Environmental activists have been left distraught after the decimation of Kenwick’s black cockatoo population, but have vowed to continue the fight.
During the 2018 Great Cocky Count, 334 roosting red-tailed and white-tailed black cockatoos, or kaaraks, were counted at the site by members of Save the Brixton Wetlands, WA Museum staff and consultants on behalf of the developers of the Maddington Kenwick Strategic Employment Area (MKSEA).
This year volunteers counted 21 birds, meaning if the numbers are to be believed, more than 90 per cent of the roosting birds in the Edward Street site have been lost.
Local residents, environmental activists, scientists and Aboriginal elders have decried the loss of the native habitat, having been present at almost every council meeting over the past year to share their view.
Save the Great Brixton Wetlands organiser Paddy Cullen said the work to develop the MKSEA has stripped away native flora and fauna and said the proof is now obvious.
“Once the fourth largest roost in the Peel-Perth region, 117 trees were removed in and around the roost of this threatened species last year as part of the creation of drainage sumps for an industrial estate,” he said.
“The devastation is shocking. We hope the government departments, who are supposed to protect the environment, and the City of Gosnells, will wake up to how special this place is and what industry will do to this area.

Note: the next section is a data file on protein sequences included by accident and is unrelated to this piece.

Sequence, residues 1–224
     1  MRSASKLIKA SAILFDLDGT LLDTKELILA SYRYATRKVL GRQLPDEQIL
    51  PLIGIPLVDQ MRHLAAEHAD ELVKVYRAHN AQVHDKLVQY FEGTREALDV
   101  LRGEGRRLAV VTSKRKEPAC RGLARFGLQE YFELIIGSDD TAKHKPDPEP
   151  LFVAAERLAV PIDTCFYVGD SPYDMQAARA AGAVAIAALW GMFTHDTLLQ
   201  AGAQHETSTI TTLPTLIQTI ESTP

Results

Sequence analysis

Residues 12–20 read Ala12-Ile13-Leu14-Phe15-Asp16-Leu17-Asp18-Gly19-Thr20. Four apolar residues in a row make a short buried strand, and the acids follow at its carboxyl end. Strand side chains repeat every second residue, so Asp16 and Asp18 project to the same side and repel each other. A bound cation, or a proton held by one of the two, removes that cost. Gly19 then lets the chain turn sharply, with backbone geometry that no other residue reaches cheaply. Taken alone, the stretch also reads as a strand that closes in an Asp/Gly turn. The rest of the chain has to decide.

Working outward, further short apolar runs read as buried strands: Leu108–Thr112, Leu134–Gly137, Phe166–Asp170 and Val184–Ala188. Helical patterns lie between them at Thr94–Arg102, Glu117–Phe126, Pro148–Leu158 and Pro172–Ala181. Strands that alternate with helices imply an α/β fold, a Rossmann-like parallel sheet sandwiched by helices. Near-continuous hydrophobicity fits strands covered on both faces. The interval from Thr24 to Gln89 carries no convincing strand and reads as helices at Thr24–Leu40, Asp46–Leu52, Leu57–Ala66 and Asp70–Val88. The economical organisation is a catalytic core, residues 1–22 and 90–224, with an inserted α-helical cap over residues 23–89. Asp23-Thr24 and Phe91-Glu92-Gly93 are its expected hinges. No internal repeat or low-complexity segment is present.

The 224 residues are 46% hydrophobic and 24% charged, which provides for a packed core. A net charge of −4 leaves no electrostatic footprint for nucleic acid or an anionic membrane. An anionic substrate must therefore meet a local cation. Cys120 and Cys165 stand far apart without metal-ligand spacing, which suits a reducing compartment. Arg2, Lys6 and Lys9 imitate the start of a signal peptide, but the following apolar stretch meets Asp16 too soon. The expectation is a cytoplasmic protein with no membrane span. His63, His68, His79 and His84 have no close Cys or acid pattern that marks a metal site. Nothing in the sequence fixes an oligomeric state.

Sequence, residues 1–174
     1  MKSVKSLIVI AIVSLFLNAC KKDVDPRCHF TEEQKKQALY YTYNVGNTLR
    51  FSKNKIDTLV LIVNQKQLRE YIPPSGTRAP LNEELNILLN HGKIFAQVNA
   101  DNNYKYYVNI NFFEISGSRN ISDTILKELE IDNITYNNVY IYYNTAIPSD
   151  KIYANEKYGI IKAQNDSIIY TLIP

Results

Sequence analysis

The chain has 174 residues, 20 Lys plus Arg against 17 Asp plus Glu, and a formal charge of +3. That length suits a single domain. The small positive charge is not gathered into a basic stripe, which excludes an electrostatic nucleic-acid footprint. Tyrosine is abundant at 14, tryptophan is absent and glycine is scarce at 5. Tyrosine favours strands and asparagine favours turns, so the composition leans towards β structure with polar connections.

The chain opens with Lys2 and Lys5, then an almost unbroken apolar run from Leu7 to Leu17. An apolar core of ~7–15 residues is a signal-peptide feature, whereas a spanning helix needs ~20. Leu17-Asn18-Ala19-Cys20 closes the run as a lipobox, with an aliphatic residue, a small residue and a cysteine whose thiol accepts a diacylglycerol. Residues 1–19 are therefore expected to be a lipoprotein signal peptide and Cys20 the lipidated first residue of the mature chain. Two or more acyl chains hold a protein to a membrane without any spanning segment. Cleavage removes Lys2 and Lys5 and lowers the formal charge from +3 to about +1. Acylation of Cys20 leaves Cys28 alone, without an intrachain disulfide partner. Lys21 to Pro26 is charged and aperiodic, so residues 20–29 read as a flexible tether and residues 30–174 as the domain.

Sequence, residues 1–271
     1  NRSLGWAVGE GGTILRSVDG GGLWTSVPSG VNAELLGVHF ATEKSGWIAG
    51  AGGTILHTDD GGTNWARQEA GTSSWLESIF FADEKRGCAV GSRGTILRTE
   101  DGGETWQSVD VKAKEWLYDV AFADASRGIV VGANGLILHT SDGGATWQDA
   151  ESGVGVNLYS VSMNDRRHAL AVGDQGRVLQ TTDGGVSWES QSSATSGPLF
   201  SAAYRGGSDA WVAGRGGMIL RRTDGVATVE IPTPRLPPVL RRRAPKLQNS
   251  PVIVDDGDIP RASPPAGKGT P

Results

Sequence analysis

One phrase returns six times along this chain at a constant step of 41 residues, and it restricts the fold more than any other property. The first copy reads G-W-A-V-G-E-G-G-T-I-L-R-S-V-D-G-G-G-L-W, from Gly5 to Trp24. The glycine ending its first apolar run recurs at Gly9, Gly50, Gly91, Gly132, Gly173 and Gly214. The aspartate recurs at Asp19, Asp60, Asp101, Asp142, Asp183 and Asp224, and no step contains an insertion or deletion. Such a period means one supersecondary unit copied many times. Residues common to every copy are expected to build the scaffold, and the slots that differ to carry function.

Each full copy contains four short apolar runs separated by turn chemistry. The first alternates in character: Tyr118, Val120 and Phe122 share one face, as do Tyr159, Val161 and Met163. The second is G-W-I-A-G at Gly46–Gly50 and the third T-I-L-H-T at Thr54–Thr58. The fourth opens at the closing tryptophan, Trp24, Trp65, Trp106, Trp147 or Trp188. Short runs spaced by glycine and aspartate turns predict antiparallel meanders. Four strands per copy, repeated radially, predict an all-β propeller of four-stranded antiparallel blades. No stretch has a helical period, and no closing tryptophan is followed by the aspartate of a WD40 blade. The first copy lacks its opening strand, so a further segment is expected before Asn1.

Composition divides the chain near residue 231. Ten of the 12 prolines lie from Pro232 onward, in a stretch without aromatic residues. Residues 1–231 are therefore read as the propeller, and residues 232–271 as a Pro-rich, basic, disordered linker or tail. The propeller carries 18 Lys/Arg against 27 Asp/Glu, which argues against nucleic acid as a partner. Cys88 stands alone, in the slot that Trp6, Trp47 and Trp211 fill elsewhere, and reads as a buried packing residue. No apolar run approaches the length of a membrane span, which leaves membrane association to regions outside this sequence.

“This area should be world heritage regional parkland, used to showcase Noongar culture and WA’s incredible biodiversity, not bulldozed down into the dust.”
Mr Cullen and the group, along with experts such as the University of WA’s Hans Lambers, have petitioned the Department of Environment and the Environmental Protection Authority to step in.
City of Gosnells chief executive Ian Cowie said there was no connection between the land clearing and the dramatic decrease in bird numbers in the same location, but that, as birds, the cockatoos were “highly transient”.
“In terms of numbers, Forest red-tailed black cockatoos are highly transient,” he said.
“The birds are known to move from site to site according to the food sources available, which vary from season to season, and year to year.
“This means that a count in one location on a particular night provides only a small slice of the complete picture – which is why the Great Cocky Count incorporates multiple locations across the state.”
However, the Department of Environment and Energy has previously detailed how roosting red-tailed and white-tailed black cockatoos nest in the same trees annually.